This week’s treasury news round-up

Here are the latest headlines from the world of treasury this week:

Mobile wallets pick up steam, but the UK lags behind

As third anniversary of the launch of Apple Pay approaches, it appears that mobile wallet adoption is on the rise globally. Spain had the most active mobile wallet users in Europe and the UK lags behind with only 14% active users.

The research by ACI Worldwide shows that 17% of US consumers now regularly use their smartphone to pay, up from 6% in 2014 when the survey was last conducted. In Europe, Spanish consumers are the most active users of mobile wallets, with 25% using them regularly, followed by Italy (24%), Sweden (23%) and the UK (14%).

ACI’s data also found that despite lower adoption, consumer confidence regarding mobile wallet security remains high, with 37% of UK respondents saying they trust their bank to protect their personal information when paying via smartphone.

The dollar faces volatility, sterling hits $1.30 and the euro’s strength reigns

Escalating geopolitical tensions over North Korea’s latest nuclear missile test and a gloomy US employment outlook report caused the US dollar to fall during a relatively quiet trading session on Monday.

The pound rose 0.1% against the dollar on Wednesday at $1.30460, mainly because of the dollar’s weakness. It follows comments from the market and US Federal Reserve suggesting there will be no further interest rate rises before 2018.

The strong euro led European shares to reach its lowest in the past half a year on Wednesday. “As a reaction to occurrences such as tensions between the US and North Korea, a recent terror attack in Spain and Hurricane Harvey, “investors increasingly bought into safe haven assets such as gold. This in combination with recovering commodity prices led the basic resources sector to flourish in August,” comments Jan-Carl Plagge, head of applied research, STOXX Ltd.

The European Central Banks’ monetary policy decision is due to be announced on Thursday.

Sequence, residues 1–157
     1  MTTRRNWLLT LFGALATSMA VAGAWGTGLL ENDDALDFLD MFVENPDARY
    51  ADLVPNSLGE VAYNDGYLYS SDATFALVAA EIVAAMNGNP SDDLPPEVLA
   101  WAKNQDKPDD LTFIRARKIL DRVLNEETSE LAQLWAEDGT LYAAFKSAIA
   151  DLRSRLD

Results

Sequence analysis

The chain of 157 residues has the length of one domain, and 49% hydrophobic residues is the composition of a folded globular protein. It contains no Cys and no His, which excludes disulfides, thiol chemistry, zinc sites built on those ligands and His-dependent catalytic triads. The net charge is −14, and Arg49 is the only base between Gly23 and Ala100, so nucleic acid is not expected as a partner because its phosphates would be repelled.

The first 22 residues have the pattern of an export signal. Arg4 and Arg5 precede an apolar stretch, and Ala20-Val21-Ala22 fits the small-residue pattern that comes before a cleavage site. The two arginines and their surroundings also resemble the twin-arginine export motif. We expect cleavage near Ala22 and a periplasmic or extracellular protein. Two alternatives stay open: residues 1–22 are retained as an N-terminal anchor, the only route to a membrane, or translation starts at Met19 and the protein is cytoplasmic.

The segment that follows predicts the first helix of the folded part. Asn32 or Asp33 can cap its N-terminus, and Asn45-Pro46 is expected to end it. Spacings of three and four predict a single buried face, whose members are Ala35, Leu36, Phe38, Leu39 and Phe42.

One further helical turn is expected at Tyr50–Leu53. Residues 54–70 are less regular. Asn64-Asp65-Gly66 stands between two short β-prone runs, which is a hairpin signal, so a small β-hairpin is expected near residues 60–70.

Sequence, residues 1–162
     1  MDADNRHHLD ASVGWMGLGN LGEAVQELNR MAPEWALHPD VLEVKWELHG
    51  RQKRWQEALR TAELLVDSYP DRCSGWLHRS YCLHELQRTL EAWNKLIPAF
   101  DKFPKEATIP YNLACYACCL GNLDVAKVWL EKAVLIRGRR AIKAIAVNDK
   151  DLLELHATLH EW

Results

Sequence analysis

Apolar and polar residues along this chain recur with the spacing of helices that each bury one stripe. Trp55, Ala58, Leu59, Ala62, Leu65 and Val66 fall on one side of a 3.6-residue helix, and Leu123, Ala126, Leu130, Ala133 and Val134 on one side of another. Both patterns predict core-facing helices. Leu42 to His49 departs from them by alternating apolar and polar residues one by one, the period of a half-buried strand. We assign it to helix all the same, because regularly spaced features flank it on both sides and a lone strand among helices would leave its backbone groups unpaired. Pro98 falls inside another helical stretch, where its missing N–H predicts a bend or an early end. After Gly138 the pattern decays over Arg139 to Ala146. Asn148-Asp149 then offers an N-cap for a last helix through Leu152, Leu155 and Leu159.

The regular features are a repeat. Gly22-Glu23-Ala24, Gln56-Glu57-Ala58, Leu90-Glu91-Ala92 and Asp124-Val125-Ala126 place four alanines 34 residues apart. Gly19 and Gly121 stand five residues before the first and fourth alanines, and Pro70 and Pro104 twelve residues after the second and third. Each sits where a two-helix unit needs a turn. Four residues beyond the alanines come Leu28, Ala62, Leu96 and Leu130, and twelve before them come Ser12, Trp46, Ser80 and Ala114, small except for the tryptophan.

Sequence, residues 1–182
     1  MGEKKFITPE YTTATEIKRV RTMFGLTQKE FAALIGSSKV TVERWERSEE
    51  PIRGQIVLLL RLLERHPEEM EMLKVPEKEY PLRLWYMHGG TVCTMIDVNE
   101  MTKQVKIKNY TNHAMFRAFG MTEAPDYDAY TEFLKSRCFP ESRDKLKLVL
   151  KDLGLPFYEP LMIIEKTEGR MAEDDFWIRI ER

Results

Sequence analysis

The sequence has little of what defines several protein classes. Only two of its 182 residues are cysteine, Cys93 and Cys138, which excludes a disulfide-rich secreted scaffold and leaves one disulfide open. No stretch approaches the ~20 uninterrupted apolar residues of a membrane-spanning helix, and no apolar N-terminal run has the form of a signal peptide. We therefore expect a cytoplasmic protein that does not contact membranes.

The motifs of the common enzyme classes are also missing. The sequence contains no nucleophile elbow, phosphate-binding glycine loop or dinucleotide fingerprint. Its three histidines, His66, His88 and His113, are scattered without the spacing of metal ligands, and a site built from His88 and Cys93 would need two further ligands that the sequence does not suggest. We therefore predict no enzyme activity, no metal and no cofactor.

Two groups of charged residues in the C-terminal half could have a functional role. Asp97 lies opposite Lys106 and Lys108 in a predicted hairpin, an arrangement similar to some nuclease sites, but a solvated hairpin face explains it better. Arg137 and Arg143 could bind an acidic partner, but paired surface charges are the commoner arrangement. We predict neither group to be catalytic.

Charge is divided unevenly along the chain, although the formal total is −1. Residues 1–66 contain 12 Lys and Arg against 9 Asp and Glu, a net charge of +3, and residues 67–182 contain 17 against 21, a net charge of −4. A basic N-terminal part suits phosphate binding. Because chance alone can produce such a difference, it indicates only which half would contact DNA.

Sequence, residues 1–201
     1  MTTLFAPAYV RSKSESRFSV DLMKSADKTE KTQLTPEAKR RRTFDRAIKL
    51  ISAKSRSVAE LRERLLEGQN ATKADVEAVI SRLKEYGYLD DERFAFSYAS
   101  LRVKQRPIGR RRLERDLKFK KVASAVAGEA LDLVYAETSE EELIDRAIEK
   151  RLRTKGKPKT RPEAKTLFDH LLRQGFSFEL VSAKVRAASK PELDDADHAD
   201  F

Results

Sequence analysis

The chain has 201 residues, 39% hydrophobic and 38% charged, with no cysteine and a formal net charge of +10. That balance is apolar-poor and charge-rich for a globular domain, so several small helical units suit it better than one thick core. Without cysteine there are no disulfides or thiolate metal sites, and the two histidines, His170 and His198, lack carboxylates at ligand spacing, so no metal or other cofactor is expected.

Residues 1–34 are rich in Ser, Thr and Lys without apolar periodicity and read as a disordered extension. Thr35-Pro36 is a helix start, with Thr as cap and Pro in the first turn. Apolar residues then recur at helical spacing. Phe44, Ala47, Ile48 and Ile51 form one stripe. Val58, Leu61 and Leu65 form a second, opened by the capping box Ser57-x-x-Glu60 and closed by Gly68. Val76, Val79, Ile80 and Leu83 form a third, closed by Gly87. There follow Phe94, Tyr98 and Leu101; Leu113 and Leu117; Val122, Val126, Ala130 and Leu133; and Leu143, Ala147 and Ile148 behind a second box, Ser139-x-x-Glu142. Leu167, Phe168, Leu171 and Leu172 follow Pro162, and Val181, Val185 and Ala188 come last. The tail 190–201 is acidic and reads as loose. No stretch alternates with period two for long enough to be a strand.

SWIFT’s FIN East Africa traffic growth outperforms SWIFT’s global growth

SWIFT’s financial information (FIN) traffic growth in East Africa has outperformed the total growth of SWIFT globally, data shows. In 2017 so far, message traffic volumes grew by 20.1% versus 8.2% growth for SWIFT worldwide.

SWIFT traffic growth in the East African Community is significantly higher than the rest of the continent, which also saw major growth. Total message traffic volumes in Africa have increased by 15.4% this year. This is still greater than in EMEA overall at 9.4%, the Americas at 7.8% and Asia Pacific at 5.4%.

This growth in intra-regional FIN payments may reflect the success of the East African Payment System, which was established by the East African Community in 2013. The multi-currency system, operating on SWIFT, links the domestic payments systems in Kenya, Tanzania, Uganda and Rwanda. It makes cross-border fund transfers much easier within the Community, supporting the free movement of goods, labour and services. The system aims to cut transaction time and lower the cost of doing business regionally.

SWIFT FIN is a message type that transmits financial information from one financial institution to another.

Russian cyber attacks against the West could lead to civilian casualties

Secret Russian cyber attacks against Western countries could kill civilians and potentially lead to real-world military confrontation, Latvia’s foreign minister has warned this week.

Edgars Rinkevics told the Telegraph that Russia may use massive war games in September to probe Nato’s resilience to full-spectrum “hybrid” warfare. This would reportedly include propaganda and cyber attacks that Russia has previously used against Ukraine.

Deniable cyber attacks such as targeting power grid infrastructure could start a dangerous cycle of retaliation.  This would also cause fatalities if a hospital was hit, for example.

“What I am rather worried about is that this hidden cyber warfare can escalate to a level of cyber warfare where we are not going to talk about bank attacks or ransom payments”, he told the Telegraph.

This follows ‘Petya’ sabotage software disguised as ransomware shut down businesses, government departments, and even airports in Ukraine before spreading around the world in June this year.

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